Office renovations seeing increased success

February 13, 2024
  • Jacob Rowden
  • Elena Lanning
  • While new construction has been resilient to the broader challenges facing the office market since 2020, new buildings are not the only segment of the market outperforming. As deliveries slow and lease up, occupancy gains are increasingly shifting to recently renovated assets. .
  • Buildings that have been fully renovated since 2015, irrespective of original building age, have seen consistent positive net absorption since the outset of the pandemic, but in the past 12 months, the share of occupancy gains taking place in fully renovated properties has more than tripled, and is beginning to exceed occupancy gains in new construction as availability in those assets begins to quickly decline.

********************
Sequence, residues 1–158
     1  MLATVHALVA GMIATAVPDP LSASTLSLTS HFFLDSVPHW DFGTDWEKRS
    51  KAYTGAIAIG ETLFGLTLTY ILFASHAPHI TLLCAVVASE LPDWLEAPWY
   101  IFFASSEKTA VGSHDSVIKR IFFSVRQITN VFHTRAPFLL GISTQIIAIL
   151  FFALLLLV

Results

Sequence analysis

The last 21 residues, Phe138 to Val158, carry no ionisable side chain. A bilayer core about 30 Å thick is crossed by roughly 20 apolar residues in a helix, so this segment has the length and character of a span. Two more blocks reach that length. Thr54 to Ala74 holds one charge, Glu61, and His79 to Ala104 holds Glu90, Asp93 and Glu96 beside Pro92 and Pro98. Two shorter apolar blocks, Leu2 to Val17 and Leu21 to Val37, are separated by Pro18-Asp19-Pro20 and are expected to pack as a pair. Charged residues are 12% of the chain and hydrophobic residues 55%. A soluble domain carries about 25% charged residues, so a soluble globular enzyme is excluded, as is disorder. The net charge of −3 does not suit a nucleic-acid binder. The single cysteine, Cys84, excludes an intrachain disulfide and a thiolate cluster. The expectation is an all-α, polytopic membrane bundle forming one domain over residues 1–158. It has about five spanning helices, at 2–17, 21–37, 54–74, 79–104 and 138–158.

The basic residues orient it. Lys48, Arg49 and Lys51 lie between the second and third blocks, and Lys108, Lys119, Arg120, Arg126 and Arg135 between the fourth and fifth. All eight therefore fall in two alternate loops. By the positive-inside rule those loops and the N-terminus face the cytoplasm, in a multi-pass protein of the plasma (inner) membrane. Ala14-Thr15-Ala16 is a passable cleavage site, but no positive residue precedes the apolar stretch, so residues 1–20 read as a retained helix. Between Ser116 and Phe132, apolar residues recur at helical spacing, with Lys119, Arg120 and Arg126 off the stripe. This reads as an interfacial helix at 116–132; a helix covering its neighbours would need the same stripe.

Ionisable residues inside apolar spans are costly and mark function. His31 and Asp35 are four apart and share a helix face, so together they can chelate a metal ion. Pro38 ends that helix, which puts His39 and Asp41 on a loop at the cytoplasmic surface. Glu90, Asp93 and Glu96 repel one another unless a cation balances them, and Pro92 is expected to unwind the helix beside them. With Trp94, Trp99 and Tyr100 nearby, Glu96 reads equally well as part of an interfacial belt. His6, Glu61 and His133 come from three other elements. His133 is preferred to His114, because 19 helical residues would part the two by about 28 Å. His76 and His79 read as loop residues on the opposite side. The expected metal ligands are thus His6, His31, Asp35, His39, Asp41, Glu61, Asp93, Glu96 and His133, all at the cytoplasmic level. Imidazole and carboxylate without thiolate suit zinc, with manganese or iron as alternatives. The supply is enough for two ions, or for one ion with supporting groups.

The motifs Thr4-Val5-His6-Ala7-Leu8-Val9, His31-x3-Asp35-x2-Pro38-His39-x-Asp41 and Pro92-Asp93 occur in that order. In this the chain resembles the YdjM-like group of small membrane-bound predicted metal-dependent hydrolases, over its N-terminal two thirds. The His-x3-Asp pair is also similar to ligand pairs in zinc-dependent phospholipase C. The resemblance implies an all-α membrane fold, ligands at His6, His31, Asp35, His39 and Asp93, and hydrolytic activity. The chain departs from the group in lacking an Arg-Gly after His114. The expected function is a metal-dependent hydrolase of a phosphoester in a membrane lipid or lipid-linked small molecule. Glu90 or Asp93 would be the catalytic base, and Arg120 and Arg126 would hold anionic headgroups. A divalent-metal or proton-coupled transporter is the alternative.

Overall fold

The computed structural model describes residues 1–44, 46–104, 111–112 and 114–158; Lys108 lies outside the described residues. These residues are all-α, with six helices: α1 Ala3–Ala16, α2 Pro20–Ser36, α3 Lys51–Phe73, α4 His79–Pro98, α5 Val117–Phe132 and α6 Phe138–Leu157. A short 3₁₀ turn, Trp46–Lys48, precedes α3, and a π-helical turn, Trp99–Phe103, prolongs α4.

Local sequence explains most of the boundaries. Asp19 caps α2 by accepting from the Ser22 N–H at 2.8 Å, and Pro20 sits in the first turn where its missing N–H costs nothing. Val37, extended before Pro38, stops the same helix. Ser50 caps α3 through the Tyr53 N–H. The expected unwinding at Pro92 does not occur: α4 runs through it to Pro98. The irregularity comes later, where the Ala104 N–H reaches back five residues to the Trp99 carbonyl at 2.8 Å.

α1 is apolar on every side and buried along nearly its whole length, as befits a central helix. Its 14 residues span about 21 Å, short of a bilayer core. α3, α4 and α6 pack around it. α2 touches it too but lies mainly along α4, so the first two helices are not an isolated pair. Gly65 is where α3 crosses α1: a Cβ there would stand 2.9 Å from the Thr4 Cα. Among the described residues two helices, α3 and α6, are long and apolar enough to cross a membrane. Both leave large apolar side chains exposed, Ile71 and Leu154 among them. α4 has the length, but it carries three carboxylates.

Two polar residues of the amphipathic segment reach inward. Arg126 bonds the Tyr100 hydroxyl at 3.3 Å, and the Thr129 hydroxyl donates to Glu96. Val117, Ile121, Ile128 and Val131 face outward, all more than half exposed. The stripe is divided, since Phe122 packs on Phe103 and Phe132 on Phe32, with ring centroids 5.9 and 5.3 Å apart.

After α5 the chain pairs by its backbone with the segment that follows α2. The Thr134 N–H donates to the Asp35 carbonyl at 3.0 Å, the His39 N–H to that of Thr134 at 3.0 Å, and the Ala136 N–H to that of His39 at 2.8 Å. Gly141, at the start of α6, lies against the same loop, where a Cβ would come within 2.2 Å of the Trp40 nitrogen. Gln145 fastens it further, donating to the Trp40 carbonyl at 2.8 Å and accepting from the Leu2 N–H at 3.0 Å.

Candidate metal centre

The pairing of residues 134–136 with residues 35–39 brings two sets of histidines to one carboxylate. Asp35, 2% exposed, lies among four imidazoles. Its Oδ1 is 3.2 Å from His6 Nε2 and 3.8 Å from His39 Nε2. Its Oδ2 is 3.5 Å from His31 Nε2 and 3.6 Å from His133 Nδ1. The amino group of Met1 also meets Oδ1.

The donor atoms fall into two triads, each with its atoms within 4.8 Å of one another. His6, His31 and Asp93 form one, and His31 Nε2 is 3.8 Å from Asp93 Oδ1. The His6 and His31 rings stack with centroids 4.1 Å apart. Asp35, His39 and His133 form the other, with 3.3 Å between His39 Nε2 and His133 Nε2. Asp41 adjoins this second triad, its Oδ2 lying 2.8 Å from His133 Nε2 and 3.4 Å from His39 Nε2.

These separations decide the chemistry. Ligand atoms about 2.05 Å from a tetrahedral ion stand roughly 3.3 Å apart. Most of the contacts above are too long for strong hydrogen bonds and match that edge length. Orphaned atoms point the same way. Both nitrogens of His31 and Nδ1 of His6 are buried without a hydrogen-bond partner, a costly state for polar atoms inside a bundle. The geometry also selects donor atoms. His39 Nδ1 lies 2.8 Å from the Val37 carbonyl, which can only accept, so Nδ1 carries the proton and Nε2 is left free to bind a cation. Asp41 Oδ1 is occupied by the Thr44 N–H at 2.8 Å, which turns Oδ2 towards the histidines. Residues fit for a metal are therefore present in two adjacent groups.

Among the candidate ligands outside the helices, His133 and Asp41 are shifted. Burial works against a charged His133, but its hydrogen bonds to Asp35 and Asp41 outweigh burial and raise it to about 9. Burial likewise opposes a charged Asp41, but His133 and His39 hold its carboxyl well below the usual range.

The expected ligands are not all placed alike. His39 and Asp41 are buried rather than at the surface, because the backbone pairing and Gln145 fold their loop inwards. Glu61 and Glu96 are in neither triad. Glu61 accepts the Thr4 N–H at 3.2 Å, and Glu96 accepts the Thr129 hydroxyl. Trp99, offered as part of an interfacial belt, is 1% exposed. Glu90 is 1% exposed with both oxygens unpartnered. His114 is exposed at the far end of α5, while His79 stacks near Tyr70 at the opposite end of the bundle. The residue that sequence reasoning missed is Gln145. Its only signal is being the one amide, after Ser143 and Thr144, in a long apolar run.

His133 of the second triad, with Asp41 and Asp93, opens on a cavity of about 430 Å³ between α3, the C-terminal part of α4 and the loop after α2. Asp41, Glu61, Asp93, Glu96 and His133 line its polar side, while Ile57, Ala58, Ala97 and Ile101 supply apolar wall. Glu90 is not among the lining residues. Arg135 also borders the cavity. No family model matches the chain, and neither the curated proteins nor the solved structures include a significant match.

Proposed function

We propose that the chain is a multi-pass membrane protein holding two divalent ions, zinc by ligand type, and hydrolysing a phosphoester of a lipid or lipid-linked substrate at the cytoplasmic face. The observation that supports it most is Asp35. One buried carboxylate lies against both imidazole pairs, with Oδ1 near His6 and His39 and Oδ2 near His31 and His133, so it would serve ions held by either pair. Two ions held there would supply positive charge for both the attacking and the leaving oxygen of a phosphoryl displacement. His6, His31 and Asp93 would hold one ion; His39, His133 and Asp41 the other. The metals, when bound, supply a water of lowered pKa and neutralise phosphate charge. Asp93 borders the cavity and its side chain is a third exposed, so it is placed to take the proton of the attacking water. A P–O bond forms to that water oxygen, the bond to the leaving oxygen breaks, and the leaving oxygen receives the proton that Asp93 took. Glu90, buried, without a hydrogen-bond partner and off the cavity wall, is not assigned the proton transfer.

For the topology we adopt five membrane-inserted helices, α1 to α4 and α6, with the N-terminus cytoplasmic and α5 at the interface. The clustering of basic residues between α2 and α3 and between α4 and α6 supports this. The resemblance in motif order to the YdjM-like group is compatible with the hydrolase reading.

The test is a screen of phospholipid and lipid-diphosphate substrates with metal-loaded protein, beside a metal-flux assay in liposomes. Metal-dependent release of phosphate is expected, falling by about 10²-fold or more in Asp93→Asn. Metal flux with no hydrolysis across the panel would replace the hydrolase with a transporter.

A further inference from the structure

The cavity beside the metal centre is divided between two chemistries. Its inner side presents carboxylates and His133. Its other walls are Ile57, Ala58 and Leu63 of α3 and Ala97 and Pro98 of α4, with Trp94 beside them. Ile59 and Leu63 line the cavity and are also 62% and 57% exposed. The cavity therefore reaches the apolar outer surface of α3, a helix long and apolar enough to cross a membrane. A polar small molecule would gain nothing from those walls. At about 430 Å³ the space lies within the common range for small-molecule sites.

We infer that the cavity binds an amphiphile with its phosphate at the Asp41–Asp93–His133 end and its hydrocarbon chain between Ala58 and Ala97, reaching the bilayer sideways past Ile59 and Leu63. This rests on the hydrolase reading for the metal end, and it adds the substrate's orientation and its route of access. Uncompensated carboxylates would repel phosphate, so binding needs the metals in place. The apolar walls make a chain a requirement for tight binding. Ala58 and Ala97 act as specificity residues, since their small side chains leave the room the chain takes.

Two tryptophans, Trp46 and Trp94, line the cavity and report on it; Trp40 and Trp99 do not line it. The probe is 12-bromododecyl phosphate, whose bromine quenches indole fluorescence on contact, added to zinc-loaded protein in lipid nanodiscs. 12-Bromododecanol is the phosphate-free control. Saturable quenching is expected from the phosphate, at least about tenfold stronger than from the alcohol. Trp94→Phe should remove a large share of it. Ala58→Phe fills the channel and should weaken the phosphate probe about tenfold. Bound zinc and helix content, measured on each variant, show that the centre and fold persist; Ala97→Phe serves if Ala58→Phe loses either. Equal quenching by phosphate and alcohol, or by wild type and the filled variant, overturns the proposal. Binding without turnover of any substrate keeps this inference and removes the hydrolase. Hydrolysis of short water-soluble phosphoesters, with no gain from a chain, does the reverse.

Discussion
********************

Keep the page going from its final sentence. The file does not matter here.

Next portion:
• While aging buildings have struggled during the pandemic, repositioned assets are demonstrating a path to success for these segments: buildings constructed in the 1970s through 2000s that have been renovated in the past decade have nearly the same levels of occupancy gain as new construction during the pandemic.
  • For well-located assets, a capital infusion can in some cases make the difference between obsolescence and trophy status: the Old Post Office in Chicago, a 1920s-vintage government building that was fully vacant within the past decade, underwent a major upgrade that completed in 2020, and despite delivering during the pandemic, is now 97% occupied at premium rental rates, and even attracted a Fortune 100 headquarters with Walgreens as one of its anchor tenants.